Latest ACS Screening Guidelines Targeting High Mortality Rate Of Lung Cancer

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The latest American Cancer Society (ACS) guidelines target the high mortality rate of lung cancer, the leading cause of cancer-related deaths in the U.S. By broadening eligibility for annual low-dose CT lung screenings, advocates, including Dr. Carey Thomson, aim to encourage more at-risk individuals to undergo yearly screenings, as fewer than 10% currently do.

Major change on ACS guidelines

The new ACS lung cancer guidelines target high-risk individuals with a smoking history, eliminating the time since quitting as a factor. These guidelines align with the 2021 recommendations of the US Preventive Services Task Force, broadening the age range and reducing the cumulative smoking threshold.

Dr. Thomson suggests an additional six to eight million people will now qualify for screening, reflecting the expanded age requirement and decreased cumulative smoking history criteria.

Lung cancer ranks as the third most prevalent cancer in the US but is the deadliest, surpassing combined deaths from colorectal, prostate, breast, and cervical cancers. For instance in 2023, approximately 238,000 Americans were to be diagnosed, with 127,000 expected to succumb to the disease.

Risk factors for lung cancer

Although non-smokers can still develop lung cancer, smoking and secondhand smoke significantly elevate the risk, contributing to 80-90% of lung cancer deaths. Smokers face 15 to 30 times higher likelihood compared to non-smokers, with risks increasing based on duration and daily cigarette consumption.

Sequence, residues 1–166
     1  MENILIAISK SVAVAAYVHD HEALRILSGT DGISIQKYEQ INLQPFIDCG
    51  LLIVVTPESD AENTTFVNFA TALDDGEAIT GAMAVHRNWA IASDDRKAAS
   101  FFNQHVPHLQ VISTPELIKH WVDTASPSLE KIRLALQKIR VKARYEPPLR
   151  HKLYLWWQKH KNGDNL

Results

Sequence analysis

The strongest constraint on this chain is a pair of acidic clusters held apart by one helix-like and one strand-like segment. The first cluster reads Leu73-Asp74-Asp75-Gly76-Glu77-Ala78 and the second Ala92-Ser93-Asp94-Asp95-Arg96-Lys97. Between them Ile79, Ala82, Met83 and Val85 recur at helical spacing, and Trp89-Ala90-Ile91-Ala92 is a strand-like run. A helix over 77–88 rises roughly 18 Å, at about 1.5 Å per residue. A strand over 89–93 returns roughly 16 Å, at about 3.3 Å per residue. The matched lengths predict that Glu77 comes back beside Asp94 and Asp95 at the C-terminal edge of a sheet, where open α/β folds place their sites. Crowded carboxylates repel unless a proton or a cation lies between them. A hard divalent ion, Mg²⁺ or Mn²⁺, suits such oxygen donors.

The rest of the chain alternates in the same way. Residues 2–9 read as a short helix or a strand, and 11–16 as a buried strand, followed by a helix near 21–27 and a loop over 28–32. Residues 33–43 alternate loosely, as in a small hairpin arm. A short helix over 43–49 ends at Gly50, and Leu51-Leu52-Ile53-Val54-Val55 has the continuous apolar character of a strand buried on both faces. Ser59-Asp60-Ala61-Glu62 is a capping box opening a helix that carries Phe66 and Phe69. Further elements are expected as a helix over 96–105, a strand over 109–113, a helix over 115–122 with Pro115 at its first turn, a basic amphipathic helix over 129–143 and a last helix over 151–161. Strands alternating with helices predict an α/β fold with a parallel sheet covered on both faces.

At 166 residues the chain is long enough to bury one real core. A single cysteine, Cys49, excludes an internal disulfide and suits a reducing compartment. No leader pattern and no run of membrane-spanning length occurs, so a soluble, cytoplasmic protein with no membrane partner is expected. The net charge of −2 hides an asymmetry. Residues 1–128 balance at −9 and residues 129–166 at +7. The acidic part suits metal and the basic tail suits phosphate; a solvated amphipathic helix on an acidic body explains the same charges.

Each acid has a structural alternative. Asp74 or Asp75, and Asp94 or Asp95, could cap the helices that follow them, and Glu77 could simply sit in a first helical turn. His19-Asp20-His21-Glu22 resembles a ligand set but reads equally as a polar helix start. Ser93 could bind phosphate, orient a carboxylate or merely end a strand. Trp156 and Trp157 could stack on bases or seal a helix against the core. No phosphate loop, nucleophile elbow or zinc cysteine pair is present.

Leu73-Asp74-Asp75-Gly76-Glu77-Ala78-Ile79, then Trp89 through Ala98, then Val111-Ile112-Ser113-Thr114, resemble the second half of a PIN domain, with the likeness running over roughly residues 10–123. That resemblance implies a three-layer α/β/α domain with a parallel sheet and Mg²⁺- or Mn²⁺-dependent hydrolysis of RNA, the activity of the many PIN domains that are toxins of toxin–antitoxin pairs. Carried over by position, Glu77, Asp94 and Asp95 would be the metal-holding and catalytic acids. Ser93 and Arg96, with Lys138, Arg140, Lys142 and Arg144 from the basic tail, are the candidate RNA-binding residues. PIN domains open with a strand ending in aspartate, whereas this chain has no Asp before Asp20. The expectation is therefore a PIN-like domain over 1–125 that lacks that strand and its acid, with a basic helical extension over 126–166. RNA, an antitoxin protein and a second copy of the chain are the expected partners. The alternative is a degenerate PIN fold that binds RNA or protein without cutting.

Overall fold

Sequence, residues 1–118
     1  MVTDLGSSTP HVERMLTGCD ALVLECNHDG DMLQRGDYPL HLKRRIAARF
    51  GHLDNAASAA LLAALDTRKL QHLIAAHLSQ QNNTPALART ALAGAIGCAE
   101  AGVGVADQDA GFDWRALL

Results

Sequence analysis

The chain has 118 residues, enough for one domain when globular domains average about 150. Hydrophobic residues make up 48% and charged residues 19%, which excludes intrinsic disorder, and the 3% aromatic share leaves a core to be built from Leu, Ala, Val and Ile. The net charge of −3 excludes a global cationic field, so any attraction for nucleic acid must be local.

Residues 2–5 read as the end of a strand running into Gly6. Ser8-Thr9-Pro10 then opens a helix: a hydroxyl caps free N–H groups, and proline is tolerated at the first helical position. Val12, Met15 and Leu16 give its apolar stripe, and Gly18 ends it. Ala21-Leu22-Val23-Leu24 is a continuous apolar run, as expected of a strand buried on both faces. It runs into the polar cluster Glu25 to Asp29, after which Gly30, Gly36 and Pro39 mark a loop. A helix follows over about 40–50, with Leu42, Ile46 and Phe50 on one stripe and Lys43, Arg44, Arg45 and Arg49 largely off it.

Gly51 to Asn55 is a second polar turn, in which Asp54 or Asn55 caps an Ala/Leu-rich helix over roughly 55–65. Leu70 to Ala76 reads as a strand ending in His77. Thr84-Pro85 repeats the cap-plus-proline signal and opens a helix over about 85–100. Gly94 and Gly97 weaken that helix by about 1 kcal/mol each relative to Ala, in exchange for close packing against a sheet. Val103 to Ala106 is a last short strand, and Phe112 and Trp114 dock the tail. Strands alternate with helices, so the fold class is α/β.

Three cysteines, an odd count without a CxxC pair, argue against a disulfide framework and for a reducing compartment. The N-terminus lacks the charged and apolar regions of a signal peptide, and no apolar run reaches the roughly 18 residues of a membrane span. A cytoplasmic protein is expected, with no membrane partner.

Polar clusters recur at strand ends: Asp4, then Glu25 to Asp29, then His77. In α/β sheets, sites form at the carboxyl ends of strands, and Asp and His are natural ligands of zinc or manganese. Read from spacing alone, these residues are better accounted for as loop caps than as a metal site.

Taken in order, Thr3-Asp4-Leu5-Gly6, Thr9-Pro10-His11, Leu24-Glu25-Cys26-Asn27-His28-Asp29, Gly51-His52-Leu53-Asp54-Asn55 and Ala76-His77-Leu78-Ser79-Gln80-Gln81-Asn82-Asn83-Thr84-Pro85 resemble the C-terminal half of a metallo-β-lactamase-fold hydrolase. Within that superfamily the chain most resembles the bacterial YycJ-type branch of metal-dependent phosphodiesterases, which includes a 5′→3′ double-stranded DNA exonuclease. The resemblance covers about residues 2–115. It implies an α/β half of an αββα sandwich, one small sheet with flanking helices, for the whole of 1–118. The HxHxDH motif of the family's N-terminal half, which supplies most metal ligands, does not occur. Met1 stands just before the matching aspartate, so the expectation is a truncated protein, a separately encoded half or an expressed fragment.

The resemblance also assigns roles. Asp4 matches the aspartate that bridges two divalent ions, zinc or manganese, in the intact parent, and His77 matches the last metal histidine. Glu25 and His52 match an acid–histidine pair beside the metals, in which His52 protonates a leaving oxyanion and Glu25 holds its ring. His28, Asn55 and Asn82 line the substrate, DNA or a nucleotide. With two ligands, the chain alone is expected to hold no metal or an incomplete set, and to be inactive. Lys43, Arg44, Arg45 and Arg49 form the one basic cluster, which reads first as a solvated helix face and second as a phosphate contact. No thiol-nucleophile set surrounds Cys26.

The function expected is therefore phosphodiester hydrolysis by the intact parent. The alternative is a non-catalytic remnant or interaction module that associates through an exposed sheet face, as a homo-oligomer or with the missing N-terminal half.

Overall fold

Early detection is crucial for treating lung cancer successfully. According to the American Society of Clinical Oncology, individuals with small, early-stage tumors have a survival rate of 80-90% for five years or more. Survival rates decrease as tumors grow larger or spread to other areas.

The changes in guidelines

The updated ACS guidelines recommend lung CT screening for individuals aged 50 to 80 who are current or former smokers with 20 or more pack-years. The age range is expanded from 55 to 74, and the pack-year requirement is lowered from 30 to 20.

The change reflects research suggesting that the years since quitting smoking may not significantly affect lung cancer risk. A discussion with a health professional is necessary before scheduling a screening eliminating the previous in-person appointment requirement.

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